Members’ Tips and Experiences

The purpose of this post is for members to share tips and experiences about any topic that works for them and may be helpful to some other members. I’ll go first.

How to Reduce a High BG Quickly and Eat Too

When my BG is excessively high, I take a combined correction bolus and a food bolus (meal or snack) and wait for my BG to come down and then eat.

Assume I have no insulin on board (IOB) and my BG is 200 and my target BG is 100, normally I would take a correction bolus of 2 units to get my BG down to 100 but would have to wait 4 hours for it to come down to 100.

By combining a food bolus and correction bolus I might take 5-7 units in total. The higher dose of insulin and waiting for my BG to come down to approach my target before eating has the advantage of working first on the higher BG and then on the food and allows me to eat more quickly (in about 90 minutes rather than rather 4 hours) than I otherwise would.

This has worked for me. I used to skip a meal if my BG was too high while waiting for it to come down. Now I immediately put in a larger dose of insulin and eat more quickly.

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That’s why I prefer being a T1 to a T2. :slight_smile:

Many T2s use insulin, and would apply to them too.

Omnipod extended bolus

I know that some T2’s use insulin but many don’t and are so IR it’s got to be a big PITA for them.

What is omnipod extended bolus. Is this a tip?

This is only helpful if you are using an Omnipod. I dont understand why this works for me, but it drops me like a rock. Click the “Omnipod” link above to access the manual - page 35.

I, personally, probably wouldn’t use this to correct for 200. I would use it to correct for 350. It is the Molotov cocktail to bring down BG fast, for me, anyway - fast and hard. Exercise caution.

This is just to drive home the point that extended bolus might seem like a fun idea, but I have gotten burned by being too aggressive. When it works, it works like a charm. When I overdo it, I’m in trouble.

I see finding a personalized pre-bolus time one of the most under-exploited, yet effective tactics to limit post-meal glucose to an acceptable rise. The best way to home in on your ideal pre-bolus times is to use a continuous glucose monitor and watch for a post-insulin dose drop. An optimal pre-bolus time can also be identified using well-timed finger-pricks.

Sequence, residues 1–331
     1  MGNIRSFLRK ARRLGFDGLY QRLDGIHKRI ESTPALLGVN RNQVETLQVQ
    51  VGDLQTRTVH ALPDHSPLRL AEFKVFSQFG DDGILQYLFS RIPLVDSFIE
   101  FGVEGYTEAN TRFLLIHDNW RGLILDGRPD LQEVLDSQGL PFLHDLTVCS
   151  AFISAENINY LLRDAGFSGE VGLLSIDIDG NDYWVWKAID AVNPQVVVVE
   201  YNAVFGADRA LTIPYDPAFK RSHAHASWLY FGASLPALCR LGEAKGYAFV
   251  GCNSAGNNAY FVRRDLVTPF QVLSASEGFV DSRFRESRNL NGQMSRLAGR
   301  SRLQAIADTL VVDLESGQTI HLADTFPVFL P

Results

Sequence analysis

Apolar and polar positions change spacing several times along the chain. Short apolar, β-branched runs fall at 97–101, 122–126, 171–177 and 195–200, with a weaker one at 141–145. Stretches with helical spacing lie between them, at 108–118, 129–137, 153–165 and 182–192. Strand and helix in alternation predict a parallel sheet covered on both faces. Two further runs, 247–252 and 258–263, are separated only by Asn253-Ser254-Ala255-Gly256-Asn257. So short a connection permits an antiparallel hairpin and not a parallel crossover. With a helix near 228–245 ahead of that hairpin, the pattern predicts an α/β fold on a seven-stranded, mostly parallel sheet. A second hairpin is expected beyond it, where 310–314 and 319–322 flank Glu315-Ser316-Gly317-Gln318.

Many people, including me in the past, have guesstimated and used a standard time, like 15 minutes, and it often won’t perform nearly as well as the pre-bolus time you’ve identified with a personal test. Ideal pre-bolus times may change with the time of day and also from day to day.

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Terry4, I think I learned pre-bolus from you. Many people have heard of it but many have not. I have a CGM and am retired, and as a result I can put in a meal bolus regardless of my BG and wait until it comes down to a desired number before eating. Sometimes I wait only 15 minutes and sometime I have to wait 90 minutes. This works fine if you can wait and defer eating your meal. Not so good if you have a prescribed meal time such as a lunch hour at work.

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When you get right down to it, our insulin dosing tactics are limited to dose size and timing. Everyone has some plan to decide dose size but then use a one-size-fits-all timing technique.

I’m also retired and enjoy more time flexibility regarding when I eat. But I still think people on a fixed schedule could do more to improve their insulin timing.

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Mohe0001, Medtronics also has an extended bolus feature that does the same thing, I think. T-slim probably does as well. I don’t understand why it would drop someone like a rocket as as you would not be putting the insulin in upfront but instead deferring some of it to later. Maybe I am missing the issue or perhaps you could describe the issue to us.

Square Wave, and Dual Wave.

One other small item to consider for per-bolus is that not all carbs increase blood glucose at the same rate. You may find that eating a leisurely meal of protein which will slowly rise blood sugar is not the same as eating a yogurt or ice cream. I pre-bolus before leaving the office, giving me about 20 minutes to get home and eat. If I get delayed more than a few minutes getting home and it looks like I will go hypo, I will eat dessert first followed by my meal as my insulin kicks in after 26 minutes, while food kicks in after 15 minutes, however, the rate of climb after dessert is far faster than after say a mainly protein meal. This is where CGM info has it all over finger sticks.

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I cannot explain it. I only know that it works like a charm, for me. Takes WAY less than 4 hours. WAY less sometimes. Can produce a WAY rapid drop, quickly. Heed these words, or dont. https://www.youtube.com/watch?v=5Rb-oBRfYog